Insight #3 --- how many combinations in (a^3)?
For the factors of 2, we have two choices ---- 2^0 = 1 or 2^3
For the factors of 3, we have two choices ---- 3^0 = 1 or 3^3
For the factors of 5, we have three choices ---- 5^0 = 1 or 5^3 or 5^6
Any option in any one category could be matched with any option from any other category, so this is a case in which we can employ the FCP:
total number of combinations = 2*2*3 = 12

There are 12 possibilities for (a^3), which means there are 12 possibilities for b.

Because there are only 12, I will list everything for clarity, to demonstrate that the FCP works. Notice, in the (a^3) term, all prime factors always have powers divisible by 3.

(1) a = 1, b = (2^3)(3^4)(5^7)
(2) a = (2^3), b = (3^4)(5^7)
(3) a = (3^3), b = (2^3)(3^1)(5^7)
(4) a = (5^3), b = (2^3)(3^4)(5^4)
(5) a = (5^6), b = (2^3)(3^4)(5^1)
(6) a = (2^3)(3^3), b = (3^1)(5^7)
(7) a = (2^3)(5^3), b = (3^4)(5^4)
(8) a = (3^3)(5^3), b = (2^3)(3^1)(5^4)
(9) a = (2^3)(3^3)(5^3), b = (3^1)(5^4)
(10) a = (2^3)(5^6), b = (3^4)(5^1)
(11) a = (3^3)(5^6), b = (2^3)(3^1)(5^1)
(12) a = (2^3)(3^3)(5^6), b = (3^1)(5^1)

Does all this make sense?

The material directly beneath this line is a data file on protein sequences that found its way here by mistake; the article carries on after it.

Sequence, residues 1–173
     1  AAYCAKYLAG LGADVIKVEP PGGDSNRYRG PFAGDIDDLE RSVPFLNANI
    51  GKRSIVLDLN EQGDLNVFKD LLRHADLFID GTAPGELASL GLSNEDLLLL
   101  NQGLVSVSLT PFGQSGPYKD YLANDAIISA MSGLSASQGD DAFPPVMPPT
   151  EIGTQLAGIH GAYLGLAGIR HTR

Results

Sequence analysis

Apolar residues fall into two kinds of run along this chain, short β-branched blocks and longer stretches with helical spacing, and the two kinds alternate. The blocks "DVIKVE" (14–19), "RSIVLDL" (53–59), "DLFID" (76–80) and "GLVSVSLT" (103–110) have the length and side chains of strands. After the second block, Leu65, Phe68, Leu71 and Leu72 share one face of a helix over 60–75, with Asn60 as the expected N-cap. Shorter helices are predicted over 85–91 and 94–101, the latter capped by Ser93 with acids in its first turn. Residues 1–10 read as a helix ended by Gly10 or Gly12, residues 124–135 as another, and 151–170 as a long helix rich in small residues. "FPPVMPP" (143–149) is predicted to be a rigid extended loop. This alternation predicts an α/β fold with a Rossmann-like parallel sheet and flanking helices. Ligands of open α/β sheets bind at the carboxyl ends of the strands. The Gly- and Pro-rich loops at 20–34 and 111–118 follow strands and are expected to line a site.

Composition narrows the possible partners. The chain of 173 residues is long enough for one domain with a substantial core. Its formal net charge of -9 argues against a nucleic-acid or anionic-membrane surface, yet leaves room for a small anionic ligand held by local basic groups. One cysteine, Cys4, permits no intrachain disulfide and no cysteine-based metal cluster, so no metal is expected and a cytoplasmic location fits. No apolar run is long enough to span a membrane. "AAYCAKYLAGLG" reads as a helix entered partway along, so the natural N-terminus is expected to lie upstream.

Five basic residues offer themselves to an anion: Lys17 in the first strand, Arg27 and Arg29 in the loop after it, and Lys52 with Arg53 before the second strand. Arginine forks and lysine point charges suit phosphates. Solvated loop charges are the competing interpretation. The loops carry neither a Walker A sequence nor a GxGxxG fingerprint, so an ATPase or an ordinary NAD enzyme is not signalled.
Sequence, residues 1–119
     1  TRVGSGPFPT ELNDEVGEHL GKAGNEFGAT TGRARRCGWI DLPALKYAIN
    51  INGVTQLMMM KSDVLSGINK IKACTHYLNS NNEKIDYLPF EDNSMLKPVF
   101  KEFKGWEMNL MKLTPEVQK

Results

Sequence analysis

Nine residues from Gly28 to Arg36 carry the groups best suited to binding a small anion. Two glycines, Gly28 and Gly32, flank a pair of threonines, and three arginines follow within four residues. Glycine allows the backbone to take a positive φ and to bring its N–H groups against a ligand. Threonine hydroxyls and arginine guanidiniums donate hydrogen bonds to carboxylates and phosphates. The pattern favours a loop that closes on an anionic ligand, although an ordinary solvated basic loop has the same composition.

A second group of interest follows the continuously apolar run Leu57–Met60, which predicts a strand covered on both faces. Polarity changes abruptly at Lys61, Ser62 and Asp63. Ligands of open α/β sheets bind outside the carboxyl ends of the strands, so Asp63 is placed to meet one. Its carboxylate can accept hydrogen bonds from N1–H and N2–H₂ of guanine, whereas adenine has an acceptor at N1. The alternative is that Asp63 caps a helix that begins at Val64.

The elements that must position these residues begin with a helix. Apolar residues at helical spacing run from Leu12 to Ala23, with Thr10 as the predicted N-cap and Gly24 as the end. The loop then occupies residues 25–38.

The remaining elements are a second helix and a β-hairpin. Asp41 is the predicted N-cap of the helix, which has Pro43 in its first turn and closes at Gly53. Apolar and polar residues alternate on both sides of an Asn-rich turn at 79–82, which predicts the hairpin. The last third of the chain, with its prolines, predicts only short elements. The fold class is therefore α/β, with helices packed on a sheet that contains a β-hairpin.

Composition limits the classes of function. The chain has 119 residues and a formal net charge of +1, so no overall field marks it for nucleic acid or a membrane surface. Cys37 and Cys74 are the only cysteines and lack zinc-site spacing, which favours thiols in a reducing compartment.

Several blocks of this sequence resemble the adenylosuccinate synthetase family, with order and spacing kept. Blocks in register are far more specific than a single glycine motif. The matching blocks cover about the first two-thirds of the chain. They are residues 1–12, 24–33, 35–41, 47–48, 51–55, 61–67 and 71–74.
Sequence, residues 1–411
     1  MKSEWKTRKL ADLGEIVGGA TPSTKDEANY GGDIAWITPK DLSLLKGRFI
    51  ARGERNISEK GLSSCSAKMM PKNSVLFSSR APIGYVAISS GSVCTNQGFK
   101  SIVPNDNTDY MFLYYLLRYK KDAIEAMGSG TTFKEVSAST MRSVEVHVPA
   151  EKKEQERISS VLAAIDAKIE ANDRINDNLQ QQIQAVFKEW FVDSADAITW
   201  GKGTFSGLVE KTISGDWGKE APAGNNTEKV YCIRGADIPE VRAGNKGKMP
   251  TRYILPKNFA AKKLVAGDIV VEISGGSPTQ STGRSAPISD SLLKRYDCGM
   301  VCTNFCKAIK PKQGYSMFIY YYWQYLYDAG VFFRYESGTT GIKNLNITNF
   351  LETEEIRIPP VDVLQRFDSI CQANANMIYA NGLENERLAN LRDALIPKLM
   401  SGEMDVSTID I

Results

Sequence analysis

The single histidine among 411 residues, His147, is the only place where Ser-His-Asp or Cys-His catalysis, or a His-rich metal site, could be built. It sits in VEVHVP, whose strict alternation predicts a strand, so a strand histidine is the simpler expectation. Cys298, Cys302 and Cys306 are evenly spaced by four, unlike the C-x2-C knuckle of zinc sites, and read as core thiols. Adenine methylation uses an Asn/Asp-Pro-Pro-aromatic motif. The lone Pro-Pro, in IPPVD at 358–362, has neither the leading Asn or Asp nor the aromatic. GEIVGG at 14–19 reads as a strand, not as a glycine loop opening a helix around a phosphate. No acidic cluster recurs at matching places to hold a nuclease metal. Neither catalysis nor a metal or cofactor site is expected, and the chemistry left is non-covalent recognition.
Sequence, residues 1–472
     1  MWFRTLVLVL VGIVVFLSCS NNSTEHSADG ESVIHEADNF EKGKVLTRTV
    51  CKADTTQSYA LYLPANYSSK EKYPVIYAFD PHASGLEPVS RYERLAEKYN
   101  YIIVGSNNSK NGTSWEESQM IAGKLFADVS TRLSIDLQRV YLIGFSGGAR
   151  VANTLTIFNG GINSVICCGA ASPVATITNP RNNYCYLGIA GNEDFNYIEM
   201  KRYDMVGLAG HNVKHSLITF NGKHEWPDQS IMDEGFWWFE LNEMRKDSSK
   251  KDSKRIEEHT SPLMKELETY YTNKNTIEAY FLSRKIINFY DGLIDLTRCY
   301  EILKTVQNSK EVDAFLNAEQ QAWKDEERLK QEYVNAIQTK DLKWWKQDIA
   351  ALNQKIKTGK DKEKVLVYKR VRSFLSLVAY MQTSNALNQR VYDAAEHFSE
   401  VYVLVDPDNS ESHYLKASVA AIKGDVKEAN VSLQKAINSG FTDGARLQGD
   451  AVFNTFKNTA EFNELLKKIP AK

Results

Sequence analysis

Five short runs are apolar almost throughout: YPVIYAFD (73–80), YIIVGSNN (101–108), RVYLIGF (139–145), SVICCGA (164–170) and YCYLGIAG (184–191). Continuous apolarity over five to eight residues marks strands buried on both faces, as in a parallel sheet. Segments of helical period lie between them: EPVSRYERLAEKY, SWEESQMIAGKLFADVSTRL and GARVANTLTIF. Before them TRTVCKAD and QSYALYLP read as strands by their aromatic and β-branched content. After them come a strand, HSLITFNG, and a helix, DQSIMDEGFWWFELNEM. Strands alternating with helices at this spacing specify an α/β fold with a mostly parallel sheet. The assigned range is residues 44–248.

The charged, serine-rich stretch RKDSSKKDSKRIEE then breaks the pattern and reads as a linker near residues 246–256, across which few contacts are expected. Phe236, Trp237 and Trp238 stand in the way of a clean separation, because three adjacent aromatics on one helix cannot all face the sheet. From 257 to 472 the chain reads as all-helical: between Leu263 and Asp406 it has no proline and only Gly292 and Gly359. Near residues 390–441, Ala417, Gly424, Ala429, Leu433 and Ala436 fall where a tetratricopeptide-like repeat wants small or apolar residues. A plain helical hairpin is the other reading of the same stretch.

Mike :-)
_________________

Mike McGarry
Magoosh Test Prep

Image

Image

SVP
SVP
User avatar
Joined: 06 Sep 2013
Posts: 1629
Location: United States
Concentration: Finance
GMAT 1: 710 Q48 V39
WE: Corporate Finance (Investment Banking)
Followers: 10

Kudos [?]: 132 [0], given: 254

GMAT ToolKit User
Re: If a and b are positive integers, and [#permalink] New post 29 Dec 2013, 17:24
mikemcgarry wrote:
smartyman wrote:
Dear mike,
I still have problem understanding the following question, could you please further elaborate? Thanks
Question:If a and b are positive integers, and (2^3)(3^4)(5^7) = (a^3)*b, how many different possible values of b are there?

Dear smartyman,
First of all, understand that this is a very hard question, perhaps an 800-level question. It involves several sophisticated concepts, including
(a) prime factorization
http://magoosh.com/gmat/2012/gmat-math-factors/
(b) counting & the FCP